Skip Ribbon Commands
Skip to main content
Skip Navigation LinksBoys Town National Research Hospital > Research > Sensory Neuroscience Research > Vestibular Genetics

Vestibular Genetics

​For scientists and other professionals

The Vestibular Genetics Laboratory, under the direction of Dr. Yesha Lundberg, conducts research to uncover the genetic, molecular and cellular mechanisms underlying the normal and abnormal development and maintenance of the vestibular (balance) system, with otoconia as the focus. We are also interested in the genetics of hearing loss. We use mouse models as well as human genetic and genomic approaches.

For families

Our studies are aimed to identify the molecular and genetic causes of inner-ear diseases, particularly vestibular diseases. These studies can eventually help develop better diagnostic and treatment methods for prevention and early intervention.

Over 7 million adults in the United States suffer chronic vertigo of vestibular origin. Such illnesses are very disruptive to daily living. The most common balance disorder is benign paroxysmal positional vertigo (BPPV), which is believed to be caused by dislocation of otoconia.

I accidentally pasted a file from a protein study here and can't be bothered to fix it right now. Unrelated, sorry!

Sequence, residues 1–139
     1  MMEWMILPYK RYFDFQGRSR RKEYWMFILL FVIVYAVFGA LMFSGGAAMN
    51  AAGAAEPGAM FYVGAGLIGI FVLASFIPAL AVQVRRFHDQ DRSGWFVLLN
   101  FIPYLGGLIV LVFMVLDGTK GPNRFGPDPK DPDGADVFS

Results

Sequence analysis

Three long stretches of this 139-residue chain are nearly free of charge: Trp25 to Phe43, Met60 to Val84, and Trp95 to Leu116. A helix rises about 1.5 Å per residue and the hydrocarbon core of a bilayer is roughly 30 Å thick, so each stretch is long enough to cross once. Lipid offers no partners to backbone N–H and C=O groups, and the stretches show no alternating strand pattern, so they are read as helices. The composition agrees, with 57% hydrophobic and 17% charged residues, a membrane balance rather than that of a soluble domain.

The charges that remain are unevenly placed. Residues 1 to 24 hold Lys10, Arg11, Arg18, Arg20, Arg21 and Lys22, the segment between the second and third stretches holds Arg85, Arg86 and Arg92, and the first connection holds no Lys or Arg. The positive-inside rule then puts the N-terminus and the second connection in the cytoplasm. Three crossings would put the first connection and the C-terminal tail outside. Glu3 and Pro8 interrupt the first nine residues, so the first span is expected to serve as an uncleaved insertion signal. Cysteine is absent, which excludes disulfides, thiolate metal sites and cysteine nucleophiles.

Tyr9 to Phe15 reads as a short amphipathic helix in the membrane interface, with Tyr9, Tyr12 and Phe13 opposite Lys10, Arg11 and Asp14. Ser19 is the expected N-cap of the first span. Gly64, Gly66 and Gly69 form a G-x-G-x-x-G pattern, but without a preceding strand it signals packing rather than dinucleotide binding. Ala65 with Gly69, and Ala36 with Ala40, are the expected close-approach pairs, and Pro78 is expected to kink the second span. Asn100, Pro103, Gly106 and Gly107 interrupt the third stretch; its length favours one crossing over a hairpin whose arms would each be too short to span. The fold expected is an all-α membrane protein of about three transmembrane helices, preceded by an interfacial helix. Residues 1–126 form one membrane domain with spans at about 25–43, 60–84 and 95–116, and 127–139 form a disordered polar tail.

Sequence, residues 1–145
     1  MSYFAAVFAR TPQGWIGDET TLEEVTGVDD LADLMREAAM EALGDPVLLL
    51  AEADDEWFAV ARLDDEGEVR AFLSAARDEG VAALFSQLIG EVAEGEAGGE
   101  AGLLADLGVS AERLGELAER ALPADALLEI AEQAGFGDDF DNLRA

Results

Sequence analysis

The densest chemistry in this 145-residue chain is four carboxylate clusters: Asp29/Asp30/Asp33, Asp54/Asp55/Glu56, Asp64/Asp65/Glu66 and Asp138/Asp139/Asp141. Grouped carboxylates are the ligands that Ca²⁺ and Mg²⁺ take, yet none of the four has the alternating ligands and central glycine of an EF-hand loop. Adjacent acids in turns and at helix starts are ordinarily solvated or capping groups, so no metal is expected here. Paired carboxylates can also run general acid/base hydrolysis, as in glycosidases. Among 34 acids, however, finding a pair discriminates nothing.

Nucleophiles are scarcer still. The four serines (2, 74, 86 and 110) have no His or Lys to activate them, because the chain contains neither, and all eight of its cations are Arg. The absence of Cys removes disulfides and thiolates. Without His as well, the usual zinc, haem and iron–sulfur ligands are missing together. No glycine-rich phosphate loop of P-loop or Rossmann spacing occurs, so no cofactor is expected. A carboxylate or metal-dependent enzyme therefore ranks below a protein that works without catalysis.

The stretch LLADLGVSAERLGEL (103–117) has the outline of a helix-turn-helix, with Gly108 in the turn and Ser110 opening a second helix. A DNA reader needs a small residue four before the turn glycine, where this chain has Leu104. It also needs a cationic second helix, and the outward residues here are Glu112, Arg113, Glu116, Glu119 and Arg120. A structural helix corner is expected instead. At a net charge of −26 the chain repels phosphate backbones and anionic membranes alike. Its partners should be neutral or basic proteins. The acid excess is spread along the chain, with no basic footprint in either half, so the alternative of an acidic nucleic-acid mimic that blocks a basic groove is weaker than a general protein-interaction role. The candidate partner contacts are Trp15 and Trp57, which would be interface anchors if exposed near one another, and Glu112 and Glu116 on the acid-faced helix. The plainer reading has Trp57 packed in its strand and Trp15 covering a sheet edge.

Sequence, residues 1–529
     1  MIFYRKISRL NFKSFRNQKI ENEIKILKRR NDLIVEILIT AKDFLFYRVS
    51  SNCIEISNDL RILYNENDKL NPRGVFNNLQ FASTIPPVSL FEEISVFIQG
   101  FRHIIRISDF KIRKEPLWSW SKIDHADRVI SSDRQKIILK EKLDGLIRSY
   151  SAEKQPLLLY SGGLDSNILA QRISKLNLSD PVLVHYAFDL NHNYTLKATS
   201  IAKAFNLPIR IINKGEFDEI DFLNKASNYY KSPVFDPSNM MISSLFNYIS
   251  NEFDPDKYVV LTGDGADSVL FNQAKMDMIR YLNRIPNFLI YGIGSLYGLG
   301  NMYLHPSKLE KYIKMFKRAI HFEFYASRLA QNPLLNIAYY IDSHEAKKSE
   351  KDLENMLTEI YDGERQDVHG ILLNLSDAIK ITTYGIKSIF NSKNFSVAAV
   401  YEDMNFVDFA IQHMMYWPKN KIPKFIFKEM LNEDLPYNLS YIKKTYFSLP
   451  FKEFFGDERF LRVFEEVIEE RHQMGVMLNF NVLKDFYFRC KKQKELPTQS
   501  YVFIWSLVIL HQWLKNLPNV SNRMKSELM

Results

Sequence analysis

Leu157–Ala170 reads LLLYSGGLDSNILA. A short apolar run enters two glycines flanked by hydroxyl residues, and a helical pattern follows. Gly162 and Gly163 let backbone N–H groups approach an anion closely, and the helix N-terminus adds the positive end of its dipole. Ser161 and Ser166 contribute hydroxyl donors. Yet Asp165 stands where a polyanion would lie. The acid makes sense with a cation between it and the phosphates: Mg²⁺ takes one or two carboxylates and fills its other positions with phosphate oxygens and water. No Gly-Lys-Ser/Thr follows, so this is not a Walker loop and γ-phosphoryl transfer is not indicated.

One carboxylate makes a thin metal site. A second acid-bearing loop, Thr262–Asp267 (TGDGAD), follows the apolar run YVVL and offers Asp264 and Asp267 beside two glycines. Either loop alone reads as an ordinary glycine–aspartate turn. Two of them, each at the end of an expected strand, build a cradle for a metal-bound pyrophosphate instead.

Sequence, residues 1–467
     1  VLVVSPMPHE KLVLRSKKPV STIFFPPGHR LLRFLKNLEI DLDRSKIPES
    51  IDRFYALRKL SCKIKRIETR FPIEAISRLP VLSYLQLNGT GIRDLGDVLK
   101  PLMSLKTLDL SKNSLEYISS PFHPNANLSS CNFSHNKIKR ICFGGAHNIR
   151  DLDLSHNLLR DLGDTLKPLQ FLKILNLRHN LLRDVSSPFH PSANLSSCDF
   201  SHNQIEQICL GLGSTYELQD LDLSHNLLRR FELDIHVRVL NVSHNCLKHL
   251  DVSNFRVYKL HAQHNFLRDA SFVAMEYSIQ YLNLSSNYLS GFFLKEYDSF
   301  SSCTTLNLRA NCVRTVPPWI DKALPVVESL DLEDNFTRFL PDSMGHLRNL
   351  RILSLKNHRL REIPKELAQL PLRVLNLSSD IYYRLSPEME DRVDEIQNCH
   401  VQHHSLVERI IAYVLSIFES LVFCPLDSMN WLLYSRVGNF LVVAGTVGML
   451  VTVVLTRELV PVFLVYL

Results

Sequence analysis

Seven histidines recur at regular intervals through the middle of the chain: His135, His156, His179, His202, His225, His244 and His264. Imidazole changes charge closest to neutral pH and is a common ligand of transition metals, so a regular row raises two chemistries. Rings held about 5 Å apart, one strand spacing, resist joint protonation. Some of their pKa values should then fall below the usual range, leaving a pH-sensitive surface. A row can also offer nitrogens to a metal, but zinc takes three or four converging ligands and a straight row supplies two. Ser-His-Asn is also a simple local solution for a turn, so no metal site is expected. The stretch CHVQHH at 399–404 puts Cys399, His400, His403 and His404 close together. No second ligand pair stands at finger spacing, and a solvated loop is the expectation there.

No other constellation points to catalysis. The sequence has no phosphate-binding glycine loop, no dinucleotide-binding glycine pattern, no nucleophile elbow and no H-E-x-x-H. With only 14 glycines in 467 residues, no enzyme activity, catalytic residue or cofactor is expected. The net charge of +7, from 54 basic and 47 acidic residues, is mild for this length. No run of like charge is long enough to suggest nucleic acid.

Our studies show that many BPPV patients also have hearing loss. In all, about 30 million Americans have some kind of hearing loss. While many hearing loss genes have been identified in children, much fewer studies have been done in adults. The second goal of our studies is to identify molecular and genetic causes of age-related hearing loss.

Another project under way is the genetics of BOR (branchio-oto-renal) syndrome. BOR is an autosomal dominant birth defect that causes malformations of the ears (including hearing loss) and kidneys.

Please email or call 1-402-498-6336 if you are interested in participating in our studies or have questions ​for us.


Yesha Lundberg, Ph.D., Director of the Vestibular Genetics Laboratory
Yinfang Xu, Ph.D., Senior Research Associate,


Yesha Lundberg in PubMed1

1PubMed is a service of the U.S. National Library of Medicine that includes citations from MEDLINE and other life science journals for biomedical articles back to the 1950s. PubMed includes links to full text articles and other related resources.